- Beware the MFN – it amplifies bad pricing unless very carefully managed
- Don’t wait for a crisis to manage risk; be proactive
But how, you ask? You’re right, it’s probably impossible to remember the precise details of every pricing and disclosure clause, to monitor every vendor and partner, and to monitor all your risk.
The one tried-and-true way to gain control and visibility over your contract portfolio is to invest in contract management software that organizes and reports on contract data so the answers to your CEO’s scariest questions are just a few clicks away.
The best software on the market today is the Hub™, an out-of-the-box solution that allows users to store, organize, access and report on the content of and risk in all of their contracts in one central place.
Answer the CEO with Speed and Certainty
Imagine your boss were to ask you one of the five scariest questions this afternoon. Let’s take the one about the most favored nation clauses. You know you have to identify the worst pricing you’ve ever granted along with any price variation and discounts included in the agreement. With the Hub, it’s as easy as opening Exari Hub to the main dashboard:
You can then search for all the contracts with Most Favored Nation clauses, adding filters (such as geography, value, etc.) as you require. With the Hub, what may have been a desperate hunt for contract data becomes a simple click and search.
Special thanks to Jamie Wodetzki, whose webinar inspired and informed much of these blog posts!
And how to respond without losing your cool (or your shirt)
Even if you’re not scared of your CEO, you may be scared of the questions they could ask about your risk and liability. It’s a good thing your contracts can probably tell you everything you need to know.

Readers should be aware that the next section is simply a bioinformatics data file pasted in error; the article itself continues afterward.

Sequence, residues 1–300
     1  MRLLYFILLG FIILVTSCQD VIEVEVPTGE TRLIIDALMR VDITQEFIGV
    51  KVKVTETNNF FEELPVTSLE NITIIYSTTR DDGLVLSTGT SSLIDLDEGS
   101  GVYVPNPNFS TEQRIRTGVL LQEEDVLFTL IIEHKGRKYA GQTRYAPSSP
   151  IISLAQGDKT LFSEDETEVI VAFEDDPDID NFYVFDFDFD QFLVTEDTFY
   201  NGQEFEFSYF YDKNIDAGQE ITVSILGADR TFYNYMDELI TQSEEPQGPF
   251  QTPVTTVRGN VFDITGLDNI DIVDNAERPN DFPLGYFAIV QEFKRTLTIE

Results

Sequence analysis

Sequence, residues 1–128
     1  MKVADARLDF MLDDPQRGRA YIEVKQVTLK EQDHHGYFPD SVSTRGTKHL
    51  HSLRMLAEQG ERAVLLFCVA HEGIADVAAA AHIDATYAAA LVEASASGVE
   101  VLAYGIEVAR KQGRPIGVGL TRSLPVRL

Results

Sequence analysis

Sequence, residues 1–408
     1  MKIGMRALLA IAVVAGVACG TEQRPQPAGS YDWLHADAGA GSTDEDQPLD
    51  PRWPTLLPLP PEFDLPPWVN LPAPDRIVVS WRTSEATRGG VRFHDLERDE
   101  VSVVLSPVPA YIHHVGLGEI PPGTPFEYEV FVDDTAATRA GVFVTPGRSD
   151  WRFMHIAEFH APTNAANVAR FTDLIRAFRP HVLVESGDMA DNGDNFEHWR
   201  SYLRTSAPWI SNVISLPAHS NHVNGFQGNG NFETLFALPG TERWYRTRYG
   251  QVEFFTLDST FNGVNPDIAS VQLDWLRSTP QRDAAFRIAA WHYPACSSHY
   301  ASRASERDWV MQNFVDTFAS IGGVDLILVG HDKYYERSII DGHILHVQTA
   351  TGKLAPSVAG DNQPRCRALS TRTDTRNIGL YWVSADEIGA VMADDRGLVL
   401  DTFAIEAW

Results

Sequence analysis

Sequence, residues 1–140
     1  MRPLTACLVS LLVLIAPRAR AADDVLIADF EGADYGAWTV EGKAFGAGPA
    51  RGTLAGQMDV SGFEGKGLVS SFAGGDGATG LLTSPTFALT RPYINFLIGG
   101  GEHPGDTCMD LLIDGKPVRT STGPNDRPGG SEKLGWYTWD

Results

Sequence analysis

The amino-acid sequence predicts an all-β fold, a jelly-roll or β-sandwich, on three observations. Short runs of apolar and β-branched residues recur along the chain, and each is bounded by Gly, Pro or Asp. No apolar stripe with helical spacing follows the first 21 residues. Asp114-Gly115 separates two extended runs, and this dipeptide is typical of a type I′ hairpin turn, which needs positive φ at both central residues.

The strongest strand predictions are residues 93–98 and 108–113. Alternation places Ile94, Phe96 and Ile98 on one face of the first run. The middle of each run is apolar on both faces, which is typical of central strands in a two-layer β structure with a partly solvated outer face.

We recently produced a webinar called The 5 Scariest Questions Your CEO Could Ask About Your Contracts. Pulling from the webinar, we’ll go through the five scenarios in which your ability to mine into your contract data could make a massive difference to your business and your reputation. Because we think this topic is so important for corporate legal professionals, we’ll take two blog posts to dig into the risks and solutions presented by your contracts.
Ready? Let’s go.
“I don’t need to worry about contract surprises, right?”
In the case of a merger and acquisition – whether you’re buying something, selling something, or spinning off a piece of the business – your contracts, especially revenue and sell-side contracts, will get a lot of attention. The evaluation of your businesses value depends on many things, and on many things being certain. “Surprises” are rarely a good thing in this case, as they usually mean a reduced evaluation.